Don’t forget to ease them in with warm-ups and cool them down with stretches that help decompress the body, relax the muscles, and promote recovery. Your workout programs and routines should be engaging, fun, and not so intense that your clients are burnt out and fatigued from the start and have difficulty keeping up. If you struggle with designing workout routines for new clients, you can join our fitness trainer programs to enhance your knowledge and skill set.

A group fitness trainer guides clients through a stretching session.

Remember to ease them in, check up on them, and encourage them

A certified fitness trainer’s work goes beyond just instructing clients in the gym or studio. You are a mentor, motivator, coach, and authority figure all in one, helping them stay on track through your work. As a result, you need to be more proactive in your involvement, reaching out to them regularly, even when you don’t see them.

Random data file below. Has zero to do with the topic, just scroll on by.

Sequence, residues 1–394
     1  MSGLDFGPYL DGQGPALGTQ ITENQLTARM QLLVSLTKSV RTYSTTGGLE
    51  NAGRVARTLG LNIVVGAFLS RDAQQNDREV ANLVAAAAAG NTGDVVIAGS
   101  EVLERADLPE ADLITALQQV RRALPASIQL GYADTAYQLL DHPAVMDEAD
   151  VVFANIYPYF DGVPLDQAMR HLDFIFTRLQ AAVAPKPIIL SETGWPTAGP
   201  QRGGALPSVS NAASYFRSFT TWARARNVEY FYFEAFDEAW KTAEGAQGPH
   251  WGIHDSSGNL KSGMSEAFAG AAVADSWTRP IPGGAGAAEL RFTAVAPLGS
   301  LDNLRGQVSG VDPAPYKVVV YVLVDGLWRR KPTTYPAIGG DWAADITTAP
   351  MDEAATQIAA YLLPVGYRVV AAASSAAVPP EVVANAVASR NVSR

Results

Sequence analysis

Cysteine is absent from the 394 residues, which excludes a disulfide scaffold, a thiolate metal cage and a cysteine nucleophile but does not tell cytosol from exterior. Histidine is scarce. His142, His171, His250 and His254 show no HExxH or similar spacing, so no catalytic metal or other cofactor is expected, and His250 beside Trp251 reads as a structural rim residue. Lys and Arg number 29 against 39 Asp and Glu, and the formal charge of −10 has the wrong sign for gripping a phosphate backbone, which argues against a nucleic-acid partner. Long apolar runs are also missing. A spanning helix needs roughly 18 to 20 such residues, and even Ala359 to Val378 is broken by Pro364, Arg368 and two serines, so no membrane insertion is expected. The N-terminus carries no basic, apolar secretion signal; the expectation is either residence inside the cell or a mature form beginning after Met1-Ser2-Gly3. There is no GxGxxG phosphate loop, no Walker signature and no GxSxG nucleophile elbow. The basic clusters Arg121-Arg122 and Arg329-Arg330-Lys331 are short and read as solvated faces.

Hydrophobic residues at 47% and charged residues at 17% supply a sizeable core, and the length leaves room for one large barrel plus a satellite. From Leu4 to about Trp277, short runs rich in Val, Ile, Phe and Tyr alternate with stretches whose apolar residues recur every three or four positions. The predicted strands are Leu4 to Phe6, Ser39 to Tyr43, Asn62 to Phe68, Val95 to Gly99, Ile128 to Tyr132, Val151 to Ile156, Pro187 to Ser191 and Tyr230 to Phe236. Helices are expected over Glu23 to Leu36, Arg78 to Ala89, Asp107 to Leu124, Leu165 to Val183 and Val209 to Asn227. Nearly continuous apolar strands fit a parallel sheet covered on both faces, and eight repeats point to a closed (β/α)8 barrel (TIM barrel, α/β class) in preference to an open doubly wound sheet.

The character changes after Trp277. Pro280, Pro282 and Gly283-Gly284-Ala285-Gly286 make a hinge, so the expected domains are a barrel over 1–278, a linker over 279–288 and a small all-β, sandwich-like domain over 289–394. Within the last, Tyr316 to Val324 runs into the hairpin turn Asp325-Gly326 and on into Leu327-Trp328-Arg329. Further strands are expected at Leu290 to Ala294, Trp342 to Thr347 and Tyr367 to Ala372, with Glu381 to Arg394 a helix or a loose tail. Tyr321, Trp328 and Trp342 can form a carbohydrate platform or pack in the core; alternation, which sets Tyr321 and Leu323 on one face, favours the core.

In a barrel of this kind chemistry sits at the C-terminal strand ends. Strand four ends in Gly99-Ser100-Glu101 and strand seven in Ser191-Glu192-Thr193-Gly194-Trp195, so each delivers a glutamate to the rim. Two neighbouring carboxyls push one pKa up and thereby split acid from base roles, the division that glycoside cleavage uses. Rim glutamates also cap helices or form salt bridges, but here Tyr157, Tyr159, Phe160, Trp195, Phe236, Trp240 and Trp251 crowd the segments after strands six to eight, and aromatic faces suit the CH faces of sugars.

Be cognizant of their struggles as new clients, ease them in, hear them out when they share feedback or express concerns, and hold them accountable where they’re slacking off. You should also check up on them to see how they’re feeling, especially between sessions, and encourage them to stick to the program, show up consistently, and give it their all.

It helps certified personal trainers to create engaging workouts that help them meet their fitness goals in fun and engaging ways. We offer advanced personal fitness trainer certifications that you can use to get your clients more excited to work out and kickstart their journey. You can also look at our beginner, advanced, and refresher courses, stackable skills, and courses that teach you more about improving your practice that you can register for.